International journal of infectious diseases : IJID : official publication of the International Society for Infectious Diseases 2016 5 24() pii 10.1016/j.ijid.2016.05.020
Namibia experienced a large measles outbreak starting in 2009, with 38% of reported cases in adults, including women of reproductive age. We assessed population immunity among pregnant women, to determine if immunization activities were needed in adults to achieve measles elimination in Namibia.
We tested 1,708 and 2,040 specimens for measles immunoglobulin G antibody from Namibian pregnant women aged 15-44 years sampled from the 2008 and 2010 National HIV Sentinel Survey, respectively. We determined the proportion of women seropositive overall and by 5-year age strata, and analyzed factors associated with seropositivity by logistic regression, including age, facility type, gravidity, HIV status, and urban/rural status. We tested for any difference in seropositivity between 2008 and 2010.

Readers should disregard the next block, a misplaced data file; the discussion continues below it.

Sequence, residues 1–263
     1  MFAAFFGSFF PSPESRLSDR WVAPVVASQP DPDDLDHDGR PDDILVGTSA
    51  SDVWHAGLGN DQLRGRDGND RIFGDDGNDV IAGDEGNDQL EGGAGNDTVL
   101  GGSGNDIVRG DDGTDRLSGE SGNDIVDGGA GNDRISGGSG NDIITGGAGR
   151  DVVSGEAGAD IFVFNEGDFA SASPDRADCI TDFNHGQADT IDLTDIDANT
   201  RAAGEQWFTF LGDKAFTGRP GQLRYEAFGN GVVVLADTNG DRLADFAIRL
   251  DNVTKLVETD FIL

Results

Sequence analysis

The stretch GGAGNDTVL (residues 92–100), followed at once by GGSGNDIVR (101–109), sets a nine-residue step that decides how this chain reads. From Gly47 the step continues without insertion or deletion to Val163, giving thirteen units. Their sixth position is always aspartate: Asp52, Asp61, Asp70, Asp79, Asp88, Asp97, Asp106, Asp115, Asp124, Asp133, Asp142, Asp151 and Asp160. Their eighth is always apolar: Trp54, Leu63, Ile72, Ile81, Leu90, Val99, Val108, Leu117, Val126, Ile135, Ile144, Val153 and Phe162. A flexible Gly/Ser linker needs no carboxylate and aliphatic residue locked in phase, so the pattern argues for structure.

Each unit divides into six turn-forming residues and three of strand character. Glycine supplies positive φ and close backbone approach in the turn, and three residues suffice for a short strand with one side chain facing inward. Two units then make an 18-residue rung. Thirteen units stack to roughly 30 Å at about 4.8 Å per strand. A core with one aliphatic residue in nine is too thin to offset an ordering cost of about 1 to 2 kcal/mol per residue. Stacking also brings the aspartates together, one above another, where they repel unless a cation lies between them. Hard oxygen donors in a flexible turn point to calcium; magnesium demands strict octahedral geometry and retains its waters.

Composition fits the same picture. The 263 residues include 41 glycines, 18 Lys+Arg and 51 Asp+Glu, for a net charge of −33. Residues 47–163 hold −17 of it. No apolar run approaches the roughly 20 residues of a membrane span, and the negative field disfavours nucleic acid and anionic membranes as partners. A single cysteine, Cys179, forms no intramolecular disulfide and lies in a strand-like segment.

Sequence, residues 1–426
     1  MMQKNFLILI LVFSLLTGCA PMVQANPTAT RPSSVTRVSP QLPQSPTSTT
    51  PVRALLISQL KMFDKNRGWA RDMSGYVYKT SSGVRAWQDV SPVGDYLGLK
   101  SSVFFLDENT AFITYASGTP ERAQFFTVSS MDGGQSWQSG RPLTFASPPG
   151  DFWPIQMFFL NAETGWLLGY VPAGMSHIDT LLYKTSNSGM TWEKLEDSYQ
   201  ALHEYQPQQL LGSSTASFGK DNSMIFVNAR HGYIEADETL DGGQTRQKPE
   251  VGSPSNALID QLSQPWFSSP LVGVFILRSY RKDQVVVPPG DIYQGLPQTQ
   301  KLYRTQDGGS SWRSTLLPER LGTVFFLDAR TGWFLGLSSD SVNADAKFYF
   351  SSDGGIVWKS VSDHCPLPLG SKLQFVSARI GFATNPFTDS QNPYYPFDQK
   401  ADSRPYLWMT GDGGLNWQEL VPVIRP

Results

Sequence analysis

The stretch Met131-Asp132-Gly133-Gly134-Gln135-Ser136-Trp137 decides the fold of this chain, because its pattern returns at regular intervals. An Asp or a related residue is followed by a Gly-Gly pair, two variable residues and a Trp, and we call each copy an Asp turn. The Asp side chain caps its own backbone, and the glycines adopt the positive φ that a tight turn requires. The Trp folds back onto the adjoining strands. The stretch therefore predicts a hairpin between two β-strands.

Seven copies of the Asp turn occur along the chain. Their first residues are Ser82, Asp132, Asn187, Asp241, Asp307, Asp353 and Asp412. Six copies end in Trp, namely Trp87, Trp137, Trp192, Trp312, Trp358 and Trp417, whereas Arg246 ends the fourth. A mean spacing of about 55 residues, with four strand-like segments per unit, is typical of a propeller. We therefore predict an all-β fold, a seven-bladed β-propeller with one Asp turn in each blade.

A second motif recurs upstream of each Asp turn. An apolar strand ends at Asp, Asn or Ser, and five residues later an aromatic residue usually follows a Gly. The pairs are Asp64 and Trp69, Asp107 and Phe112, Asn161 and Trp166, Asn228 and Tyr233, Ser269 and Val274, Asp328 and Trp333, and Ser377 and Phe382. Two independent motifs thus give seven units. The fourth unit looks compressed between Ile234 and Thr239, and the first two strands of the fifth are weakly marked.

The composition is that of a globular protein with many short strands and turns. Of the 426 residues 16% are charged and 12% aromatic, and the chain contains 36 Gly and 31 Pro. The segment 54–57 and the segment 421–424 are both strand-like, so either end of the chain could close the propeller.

In both analysis years, measles seropositivity was lower in 15-19 year olds (77%) and 20-24 year olds (85-87%) and higher in 25-44 year olds (90%-94%) (p<0.001, 2008; p<0.001, 2010). Overall measles seropositivity did not differ between 2008 (87%) and 2010 (87%) (p=0.7). HIV status did not affect seropositivity. CONCLUSIONS
Late in a large measles outbreak, 13% of pregnant women in Namibia, and almost one in four 15-19 year old pregnant women, remained measles-susceptible. In Namibia, immunization campaigns with measles-containing vaccine should be considered for adults.